We will look for a uniform estimate of u N , t in a space of the form L a ( 0 , T ; H − σ ( Ω ) 3 ) . This way, by applying De-Rham’s Lemma (see  ), we will get a bound of p N * in L a ( 0 , T ; H 1 − σ ( Ω ) 3 ) and we will be able to take limits in the generalized energy inequality.

Note that, for all m, one has u m = w m + z m , where the w m and the z m are respectively given by

{ 1 τ ( w m + 1 − w m ) + A w m + 1 = 0 , w 0 = u 0 (21)

and

{ 1 τ ( z m + 1 − z m ) + A z m + 1 = F m + 1 , z 0 = 0 , (22)

where F m + 1 = f m + 1 − ( u m ⋅ ∇ ) u m + 1 and A is the Stokes operator. Recall that A : D ( A ) ⊂ H ↦ H , with

D ( A ) = H 2 ( Ω ) 3 ∩ V , A v = P ( − Δ v )     ∀ v ∈ D (A)

(here, P : L 2 ( Ω ) 3 ↦ H is the orthogonal projector). Also, recall that there exists an orthogonal basis of V formed by eigenfunctions ξ j ,

A ξ j = λ j ξ j , ξ j ∈ V , | ξ j | = 1 , λ j ↗ ∞

and

D ( A r ) = { v ∈ H : ∑ j ≥ 1     λ j 2 r | ( v , ξ j ) | 2 < + ∞ }

for all r ≥ 0 .

In the sequel, we will consider the functions w N , w N * , z N and z N * , whose definitions can be obtained from the z m and the w m in a way similar to u N and u N * .

First, note that

w m = ( I d . + τ A ) − m u 0     ∀ m = 0 , 1 , ⋯ , N ,

whence

‖ w N , t ‖ L 2 ( Q ) 2 = τ ∑ m = 0 N − 1 | A ( I d . + τ A ) − ( m + 1 ) u 0 | 2 = τ ∑ m = 0 N − 1   ∑ j ≥ 1 λ j 2 ( 1 + τ λ j ) 2 ( m + 1 ) | ( u 0 , ξ j ) | 2 = τ ∑ j ≥ 1 ( ∑ m = 0 N − 1 1 ( 1 + τ λ j ) 2 ( m + 1 ) ) λ j 2 | ( u 0 , ξ j ) | 2 ≤ ∑ j ≥ 1 λ j 2 ( 1 + τ λ j ) 2 ( m + 1 ) | ( u 0 , ξ j ) | 2 = | u 0 | 2 . (23)

Therefore,

w N , t and A w N * are uniformly bounded in L 2 ( Q ) 3 . (24)

Let us now see what can be said of z N , t and A z N * . For all m ≥ 1 , we have

z m = ∑ l = 1 m ( I d . + τ A ) − ( m + 1 − l ) F l

Let s , σ ∈ ( 0 , 1 ) be such that with σ > s . Then

‖ A z m + 1 ‖ H − σ ≤ τ ∑ l = 1 m + 1 ‖ A ( I d . + τ A ) − ( m + 2 − l ) ‖ L ( H − s ; H − σ ) ‖ F l ‖ H − s = τ ∑ l = 1 m     a m − l b l ,

where the a n and the b l are given by

a n = ‖ A ( I d . + τ A ) − ( m + 2 − l ) ‖ L ( H − s ; H − σ ) , b l = ‖ F l ‖ H − s .

We will apply the following result, that must be viewed as a discrete version of the well known Young inequality for convolution products:

Lemma 3.5 Let us assume that k ≥ 1 , a ∈ l p and b ∈ l q . Then, if r ∈ [ 1 , + ∞ ] and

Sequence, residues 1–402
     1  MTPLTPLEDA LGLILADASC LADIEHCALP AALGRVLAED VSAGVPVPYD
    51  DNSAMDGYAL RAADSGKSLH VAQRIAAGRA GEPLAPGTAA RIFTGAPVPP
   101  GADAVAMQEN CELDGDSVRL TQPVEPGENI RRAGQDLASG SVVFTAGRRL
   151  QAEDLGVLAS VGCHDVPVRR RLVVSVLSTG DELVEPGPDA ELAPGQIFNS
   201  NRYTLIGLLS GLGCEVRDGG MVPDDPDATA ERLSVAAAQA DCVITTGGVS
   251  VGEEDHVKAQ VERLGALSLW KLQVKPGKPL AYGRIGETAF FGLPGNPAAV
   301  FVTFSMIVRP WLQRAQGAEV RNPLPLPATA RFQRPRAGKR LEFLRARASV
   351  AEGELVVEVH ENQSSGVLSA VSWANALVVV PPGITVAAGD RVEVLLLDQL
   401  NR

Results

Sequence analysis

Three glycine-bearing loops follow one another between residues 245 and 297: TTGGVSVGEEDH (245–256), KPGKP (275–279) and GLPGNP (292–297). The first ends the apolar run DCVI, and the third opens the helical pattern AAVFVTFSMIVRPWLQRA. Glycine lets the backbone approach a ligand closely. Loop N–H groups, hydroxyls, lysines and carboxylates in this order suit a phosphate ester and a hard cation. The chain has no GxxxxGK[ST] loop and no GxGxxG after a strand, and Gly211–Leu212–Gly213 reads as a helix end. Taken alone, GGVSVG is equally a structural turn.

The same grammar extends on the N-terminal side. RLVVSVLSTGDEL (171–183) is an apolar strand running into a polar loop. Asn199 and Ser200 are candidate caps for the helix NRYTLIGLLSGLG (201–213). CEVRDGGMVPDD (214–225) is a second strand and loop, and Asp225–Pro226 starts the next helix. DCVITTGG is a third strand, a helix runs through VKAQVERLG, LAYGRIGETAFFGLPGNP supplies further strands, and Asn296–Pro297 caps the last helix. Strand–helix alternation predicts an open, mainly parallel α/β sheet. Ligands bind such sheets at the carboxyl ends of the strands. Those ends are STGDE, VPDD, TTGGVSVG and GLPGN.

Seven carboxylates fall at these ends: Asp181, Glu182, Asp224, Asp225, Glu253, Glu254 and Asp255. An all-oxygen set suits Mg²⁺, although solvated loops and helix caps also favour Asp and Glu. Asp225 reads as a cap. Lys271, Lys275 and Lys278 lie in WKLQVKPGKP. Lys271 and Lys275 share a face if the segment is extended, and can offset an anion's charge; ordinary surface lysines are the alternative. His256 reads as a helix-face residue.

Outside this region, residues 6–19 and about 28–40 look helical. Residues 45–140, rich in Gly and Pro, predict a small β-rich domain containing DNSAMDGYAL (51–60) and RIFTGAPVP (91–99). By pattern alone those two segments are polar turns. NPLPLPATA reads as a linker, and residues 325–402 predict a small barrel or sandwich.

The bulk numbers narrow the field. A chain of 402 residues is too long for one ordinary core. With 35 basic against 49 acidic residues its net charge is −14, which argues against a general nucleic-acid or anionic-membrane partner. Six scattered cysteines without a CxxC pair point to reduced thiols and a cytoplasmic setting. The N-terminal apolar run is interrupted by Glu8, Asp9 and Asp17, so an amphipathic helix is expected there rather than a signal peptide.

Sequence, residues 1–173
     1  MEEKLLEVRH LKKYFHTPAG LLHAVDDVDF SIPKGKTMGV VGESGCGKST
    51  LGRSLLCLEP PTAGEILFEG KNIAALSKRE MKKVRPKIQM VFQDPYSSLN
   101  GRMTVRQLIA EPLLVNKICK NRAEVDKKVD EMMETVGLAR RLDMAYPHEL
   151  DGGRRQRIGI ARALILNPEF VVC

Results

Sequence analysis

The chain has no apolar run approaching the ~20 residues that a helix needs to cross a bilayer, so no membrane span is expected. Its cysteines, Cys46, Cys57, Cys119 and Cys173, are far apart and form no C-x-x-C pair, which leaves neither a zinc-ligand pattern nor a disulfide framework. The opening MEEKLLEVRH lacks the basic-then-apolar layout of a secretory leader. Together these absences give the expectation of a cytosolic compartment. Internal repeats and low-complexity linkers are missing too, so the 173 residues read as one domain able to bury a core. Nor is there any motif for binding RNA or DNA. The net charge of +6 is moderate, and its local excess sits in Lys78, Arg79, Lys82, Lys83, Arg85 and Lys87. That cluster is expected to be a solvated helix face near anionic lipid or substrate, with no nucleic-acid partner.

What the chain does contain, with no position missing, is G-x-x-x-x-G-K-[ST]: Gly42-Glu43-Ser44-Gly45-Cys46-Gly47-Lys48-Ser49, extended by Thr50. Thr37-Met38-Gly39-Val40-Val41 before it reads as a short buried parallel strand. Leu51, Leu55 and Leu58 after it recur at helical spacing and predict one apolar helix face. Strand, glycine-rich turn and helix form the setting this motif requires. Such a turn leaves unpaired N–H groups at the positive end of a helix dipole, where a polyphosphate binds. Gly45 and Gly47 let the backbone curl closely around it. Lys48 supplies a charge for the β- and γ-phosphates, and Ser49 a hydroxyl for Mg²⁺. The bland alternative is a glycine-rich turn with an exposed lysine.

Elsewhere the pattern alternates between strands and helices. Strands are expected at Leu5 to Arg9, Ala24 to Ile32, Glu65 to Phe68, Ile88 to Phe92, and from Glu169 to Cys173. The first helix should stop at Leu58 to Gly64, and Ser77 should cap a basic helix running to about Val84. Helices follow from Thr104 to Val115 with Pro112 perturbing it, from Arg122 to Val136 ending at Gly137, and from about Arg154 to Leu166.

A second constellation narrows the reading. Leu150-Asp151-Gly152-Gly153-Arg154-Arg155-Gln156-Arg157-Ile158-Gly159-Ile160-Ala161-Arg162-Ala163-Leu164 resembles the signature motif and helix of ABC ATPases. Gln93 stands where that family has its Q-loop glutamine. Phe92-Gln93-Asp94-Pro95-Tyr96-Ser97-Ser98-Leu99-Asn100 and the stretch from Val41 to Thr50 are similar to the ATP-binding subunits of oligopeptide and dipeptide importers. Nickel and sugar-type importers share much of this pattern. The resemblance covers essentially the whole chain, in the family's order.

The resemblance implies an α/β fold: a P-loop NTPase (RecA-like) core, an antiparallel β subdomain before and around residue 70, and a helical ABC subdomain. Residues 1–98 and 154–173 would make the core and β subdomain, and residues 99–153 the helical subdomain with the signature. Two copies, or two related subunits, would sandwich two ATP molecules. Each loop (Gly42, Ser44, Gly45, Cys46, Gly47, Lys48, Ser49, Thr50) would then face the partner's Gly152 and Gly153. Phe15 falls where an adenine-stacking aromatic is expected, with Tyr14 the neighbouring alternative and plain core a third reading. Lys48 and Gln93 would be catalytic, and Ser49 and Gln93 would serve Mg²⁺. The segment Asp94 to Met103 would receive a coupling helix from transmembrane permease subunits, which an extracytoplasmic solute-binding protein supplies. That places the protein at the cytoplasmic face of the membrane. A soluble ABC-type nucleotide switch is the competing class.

1 p + 1 q = 1 + 1 r ,

one has

( ∑ n = 1 k | ∑ l = 1 n a n − l b l | r ) 1 / r ≤ ( ∑ n = 1 k | a n | p ) 1 p ( ∑ n = 1 k | b n | q ) 1 / q (25)

for all k ≥ 1 .

The proof of this result can be found in  . Using Lemma 2.5 with r = a , p = 1 and q = a , we find that

( τ ∑ n = 1 N ‖ A z n + 1 ‖ H − σ a ) 1 / a ≤ ( τ 1 + a ∑ n = 1 N | ∑ l = 1 n     a n − l b l | a ) 1 a ≤ ( ∑ n = 1 N     a n ) ( ∑ n = 1 N     b n a ) 1 / a .

From the estimates in Equation (16) already obtained for u N * , it is immediate that, for any a ∈ [ 1 , 2 ] , F N * is uniformly bounded in L a ( 0 , T ; L 3 a / ( 4 a − 2 ) ( Ω ) 3 ) and, consequently, also in L a ( 0 , T ; H − ( 5 a − 4 ) / ( 2 a ) ( Ω ) 3 ) . Thus, choosing in [ 1 , 2 ] and taking s = ( 5 a − 4 ) / ( 2 a ) , we get:

‖ F N * ‖ L a ( 0 , T ; H − s ) = ( τ ∑ m = 1 N     b m a ) 1 / a ≤ C ( a ) .

On the other hand, for any smooth z, one has

‖ A ( I d . + τ A ) − ( n + 2 ) z ‖ H − σ 2 = ∑ j ≥ 1     λ j − σ λ j 2 ( 1 + τ λ j ) 2 ( n + 2 ) | z , ξ j | 2 ≤ [ sup j λ j 2 ( 1 − ϵ ) ( 1 + τ λ j ) 2 ( n + 2 ) ] ‖ z ‖ H − s 2 ,

where ϵ = ( σ − s ) / 2 . Therefore, recalling the definition of the a n , we deduce that

a n ≤ C ( ϵ ) ( n τ ) 1 − ϵ ,     τ ∑ n = 1 m     a n ≤ C ( ϵ ) ∫ 0 T d s s 1 − ϵ ≤ C (ϵ)

and, finally,

‖ A z N * ‖ L a ( 0 , T ; H − σ ) ≤ C ( ∑ m = 1 N τ a m ) ( τ ∑ m = 1 N ‖ F m ‖ H − s a ) 1 a ≤ ‖ C F N * ‖ L a ( 0 , T ; H − s ) (26)

Note that this estimate is valid for all a ∈ [ 1 , 2 ] , with s = ( 5 a − 4 ) / ( 2 a ) and σ ∈ ( 0 , 1 ) , σ > s .

Obviously, the same estimate is valid for ‖ z N , t ‖ L a ( 0 , T ; H − σ ) . This proves that

z N , t   and   A z N *   areuniformlyboundedin   L a ( 0 , T ; H − σ ( Ω ) 3 ) ∀ a ∈ [ 0 , 1 ] , ∀ σ > s = ( 5 a − 4 ) / ( 2 a ) . (27)

In view of Equation (24) and Equation (27) and recalling that u N * = w N * + z N * , it follows that A u N * and u N , t * are also uniformly bounded in L a ( 0 , T ; H − σ ( Ω ) 3 ) .

Now, from De-Rham’s Lemma  , we see that p N * is uniformly bounded in L a ( 0 , T ; H 1 − σ ( Ω ) ) , which is continuously embedded in L a ( 0 , T ; L 6 / ( 1 + 2 σ ) ( Ω ) ) . In particular, for a = 5 / 3 , we have s = 13 / 10 and we can take σ as close as desired to s, which gives 6 / ( 1 + 2 σ ) as close as desired to 5/3.

As a consequence of these estimates, after extracting a new sequence (if this is needed), we see that

p N * converges weakly in L 5 / 3 ( 0 , T ; L β ( Ω ) ) ∀ β < 5 / 3 . (28)

Let us check that the local energy inequality holds for u and p.

If we multiply the Equation (14) by the function u N * ϕ , where ϕ ∈ C 0 ∞ ( Ω × [ 0 , T ] ) is non-negative and we integrate in space, we have: